Creamed spinach (rats! I forgot to get the spinach!)
Broccoli slaw
Apple salad
Cranberry sauce
Pumpkin pie (I'll make two with sugar and one with Splenda)
Whipped cream
Tea and coffe

I've figured out how to do some simple rearranging of my furniture to get more room to extend the dining room table. I don't think it will extend it enough, though, so I'll probably set up two card tables in the living room, back to back, so they're one table. That would seat six, and then eight or so in the dining room. That means serving buffet style in the kitchen, which isn't a problem. There's an island (one side is in the living room and one side is in the kitchen) so people can go around it. Should work.

Doing two tables will make it easier to find tablecloths. I think. And I need to check to see that I've got enough napkins. Paper ones, but nice paper.

I'm sure it sounds like I'm making a big fuss about it all, but I'm having fun. That's the important part, right?

  
  Member Comments About This Blog Post:

MRTHING2000 11/24/2014 5:37AM

    Save me some! LOL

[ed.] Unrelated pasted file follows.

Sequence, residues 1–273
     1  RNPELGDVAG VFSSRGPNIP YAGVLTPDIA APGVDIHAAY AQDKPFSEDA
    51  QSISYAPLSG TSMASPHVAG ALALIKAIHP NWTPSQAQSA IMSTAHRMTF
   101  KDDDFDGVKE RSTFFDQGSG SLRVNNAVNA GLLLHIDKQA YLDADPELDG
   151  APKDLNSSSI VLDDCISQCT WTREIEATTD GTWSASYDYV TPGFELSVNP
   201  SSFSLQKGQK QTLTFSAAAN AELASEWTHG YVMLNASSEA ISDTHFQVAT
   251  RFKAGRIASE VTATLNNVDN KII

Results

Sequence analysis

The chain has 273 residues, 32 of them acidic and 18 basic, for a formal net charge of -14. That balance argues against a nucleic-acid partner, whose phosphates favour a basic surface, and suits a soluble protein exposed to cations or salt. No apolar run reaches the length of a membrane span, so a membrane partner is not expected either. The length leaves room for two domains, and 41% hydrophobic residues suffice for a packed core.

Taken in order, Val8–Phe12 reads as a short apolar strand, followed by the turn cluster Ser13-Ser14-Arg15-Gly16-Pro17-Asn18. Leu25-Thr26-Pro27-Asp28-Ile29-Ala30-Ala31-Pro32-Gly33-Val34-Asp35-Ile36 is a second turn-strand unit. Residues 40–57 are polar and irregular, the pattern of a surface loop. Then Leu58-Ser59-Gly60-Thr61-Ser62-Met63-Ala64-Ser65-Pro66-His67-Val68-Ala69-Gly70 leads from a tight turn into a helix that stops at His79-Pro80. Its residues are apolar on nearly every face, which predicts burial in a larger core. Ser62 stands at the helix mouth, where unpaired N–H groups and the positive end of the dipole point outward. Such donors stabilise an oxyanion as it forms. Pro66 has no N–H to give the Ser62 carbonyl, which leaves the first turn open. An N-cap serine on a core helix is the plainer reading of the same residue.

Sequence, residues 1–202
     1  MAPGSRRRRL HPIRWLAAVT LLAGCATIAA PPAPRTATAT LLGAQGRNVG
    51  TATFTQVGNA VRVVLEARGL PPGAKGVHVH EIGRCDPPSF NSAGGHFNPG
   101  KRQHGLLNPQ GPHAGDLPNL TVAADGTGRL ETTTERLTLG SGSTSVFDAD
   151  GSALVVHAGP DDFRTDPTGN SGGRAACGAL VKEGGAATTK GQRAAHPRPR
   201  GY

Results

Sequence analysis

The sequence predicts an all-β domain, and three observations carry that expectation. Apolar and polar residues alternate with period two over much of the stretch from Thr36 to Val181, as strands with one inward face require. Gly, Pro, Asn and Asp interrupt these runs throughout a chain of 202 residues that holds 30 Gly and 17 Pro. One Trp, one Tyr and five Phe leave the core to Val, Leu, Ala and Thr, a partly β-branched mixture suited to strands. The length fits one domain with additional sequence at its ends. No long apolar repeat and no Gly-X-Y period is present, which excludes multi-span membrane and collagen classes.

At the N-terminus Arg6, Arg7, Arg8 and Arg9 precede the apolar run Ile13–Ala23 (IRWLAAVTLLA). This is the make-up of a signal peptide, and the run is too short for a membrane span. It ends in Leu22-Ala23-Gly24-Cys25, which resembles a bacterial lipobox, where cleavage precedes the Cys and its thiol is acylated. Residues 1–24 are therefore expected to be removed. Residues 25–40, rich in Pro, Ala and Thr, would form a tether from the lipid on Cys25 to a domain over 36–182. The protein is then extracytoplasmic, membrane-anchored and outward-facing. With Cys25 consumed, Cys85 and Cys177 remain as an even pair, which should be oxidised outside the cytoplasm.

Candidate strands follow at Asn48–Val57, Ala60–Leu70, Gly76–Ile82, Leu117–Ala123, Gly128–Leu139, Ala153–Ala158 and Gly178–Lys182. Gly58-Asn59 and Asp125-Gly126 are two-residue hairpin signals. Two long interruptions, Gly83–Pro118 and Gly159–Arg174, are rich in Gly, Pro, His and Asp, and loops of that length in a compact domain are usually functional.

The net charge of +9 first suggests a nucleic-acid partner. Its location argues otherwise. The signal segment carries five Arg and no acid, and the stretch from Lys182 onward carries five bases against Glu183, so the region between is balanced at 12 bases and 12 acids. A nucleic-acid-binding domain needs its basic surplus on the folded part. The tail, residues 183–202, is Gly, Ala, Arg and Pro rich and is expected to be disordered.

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VEG954 11/23/2014 8:35PM

  Sounds like you've been quite busy putting all this together.
It isn't easy cooking for the Thanksgiving crowd.
Sure hope you have lots of help.

Wonder how big a turkey will be cooking in your oven.

Wish you the best.

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BUDGETMAW 11/23/2014 4:20PM

  That's so sweet of you to say, Seattle! Actually, I'd be totally freaking out if I were having this many Americans. These people are all foreigners and have almost certainly never been to an American home for Thanksgiving before, so they don't know what to expect. I figure I can chock up an problems to American customs and recipes, and they won't know the difference!

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SEATTLE58 11/23/2014 4:00PM

    It sounds like you're a perfect hostess like Martha Stewart, there you are! Good for you! I feel like I'm getting tips from you and I just love it! You will do this all so beautifully! emoticon

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NAYPOOIE 11/23/2014 3:11PM

    Absolutely.

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GEORGE815 11/23/2014 3:09PM

    Sounds like a great bash. Such a great thing sharing a Thanksgiving like the did in the first one.

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Thanksgiving Planning Update

Wednesday, November 19, 2014

So at the moment I have somewhere between ten and eighteen people coming for Thanksgiving dinner. Well, between nine and seventeen people coming, plus me.